The MIDEM music conference in Cannes, France seems to have passed about as quietly — with respect to our interests, at least — as CES in Las Vegas a couple of weeks ago. Nokia’s Tero Ojanperä announced that Comes With Music will expand into more countries throughout the world this year, though he offered neither specific rollout dates nor any figures on the mobile subscription service’s uptake in the UK, its initial market.
Apart from that, the only item of interest was plans announced by the government of the Isle of Man, the small tax haven in the Irish Sea, to adopt the flat-tax plan for online music sharing. In this scheme, ISPs will pay a monthly fee for each subscriber, who will have unlimited, free, and legal access to online music.
Pockets of the music industry are starting to embrace the flat-tax idea, while being careful to use a more polite term such as “blanket licensing” to describe it. BPI (the UK analog to RIAA in the US) expressed support for the Manx scheme, while the international umbrella organization IFPI professed skepticism that it would scale to markets larger than the island’s population of 80,000.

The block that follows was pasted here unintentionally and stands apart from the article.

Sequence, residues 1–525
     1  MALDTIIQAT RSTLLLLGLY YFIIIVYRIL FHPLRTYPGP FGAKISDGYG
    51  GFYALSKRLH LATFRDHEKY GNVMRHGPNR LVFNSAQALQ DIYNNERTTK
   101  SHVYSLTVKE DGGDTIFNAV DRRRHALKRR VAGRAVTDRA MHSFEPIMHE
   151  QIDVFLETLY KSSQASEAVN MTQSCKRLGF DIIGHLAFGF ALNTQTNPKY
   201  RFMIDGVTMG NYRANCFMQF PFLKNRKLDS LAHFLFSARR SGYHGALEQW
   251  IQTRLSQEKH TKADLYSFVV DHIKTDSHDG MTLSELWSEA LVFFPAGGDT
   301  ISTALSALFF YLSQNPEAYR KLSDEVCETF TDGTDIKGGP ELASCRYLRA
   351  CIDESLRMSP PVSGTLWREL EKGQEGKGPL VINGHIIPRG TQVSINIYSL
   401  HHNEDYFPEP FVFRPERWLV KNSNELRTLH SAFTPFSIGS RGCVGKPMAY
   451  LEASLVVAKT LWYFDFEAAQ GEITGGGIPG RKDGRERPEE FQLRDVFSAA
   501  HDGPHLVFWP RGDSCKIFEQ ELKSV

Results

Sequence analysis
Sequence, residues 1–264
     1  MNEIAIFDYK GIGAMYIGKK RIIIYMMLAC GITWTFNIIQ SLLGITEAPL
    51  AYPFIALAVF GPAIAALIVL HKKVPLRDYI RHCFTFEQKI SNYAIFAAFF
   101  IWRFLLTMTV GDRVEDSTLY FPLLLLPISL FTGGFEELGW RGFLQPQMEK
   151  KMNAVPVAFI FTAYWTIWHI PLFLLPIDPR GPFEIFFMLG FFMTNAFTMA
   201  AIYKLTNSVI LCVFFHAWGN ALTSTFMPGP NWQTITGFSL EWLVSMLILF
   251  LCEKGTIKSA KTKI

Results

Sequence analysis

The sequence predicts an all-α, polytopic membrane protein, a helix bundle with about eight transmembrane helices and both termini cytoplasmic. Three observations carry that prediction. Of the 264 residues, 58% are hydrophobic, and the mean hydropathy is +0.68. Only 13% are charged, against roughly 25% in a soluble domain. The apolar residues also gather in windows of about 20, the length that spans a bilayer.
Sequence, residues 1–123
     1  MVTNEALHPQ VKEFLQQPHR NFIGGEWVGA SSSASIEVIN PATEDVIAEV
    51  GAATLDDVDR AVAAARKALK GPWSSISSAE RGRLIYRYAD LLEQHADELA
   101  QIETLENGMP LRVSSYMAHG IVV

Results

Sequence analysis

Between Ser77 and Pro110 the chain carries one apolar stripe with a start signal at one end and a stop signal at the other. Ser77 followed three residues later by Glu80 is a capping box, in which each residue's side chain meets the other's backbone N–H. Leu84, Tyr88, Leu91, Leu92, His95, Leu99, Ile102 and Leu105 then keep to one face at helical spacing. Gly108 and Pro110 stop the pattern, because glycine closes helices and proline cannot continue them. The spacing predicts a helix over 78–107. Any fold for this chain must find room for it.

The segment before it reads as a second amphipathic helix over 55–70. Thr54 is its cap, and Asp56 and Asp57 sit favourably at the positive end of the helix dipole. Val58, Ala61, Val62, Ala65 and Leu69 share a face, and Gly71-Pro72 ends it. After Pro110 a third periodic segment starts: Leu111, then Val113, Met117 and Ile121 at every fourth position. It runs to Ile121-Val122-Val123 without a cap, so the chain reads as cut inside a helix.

Analogously, we are hearing about Warner Music Group‘s experiments in flat-tax licensing on university campuses, almost all of which have even smaller populations. Some campuses’ bursars’ offices already collect student fees for campus music services provided by Napster and others. WMG’s campus flat-tax scheme merely amounts to yet another step in the process of offering users more rights for less money as a response to piracy.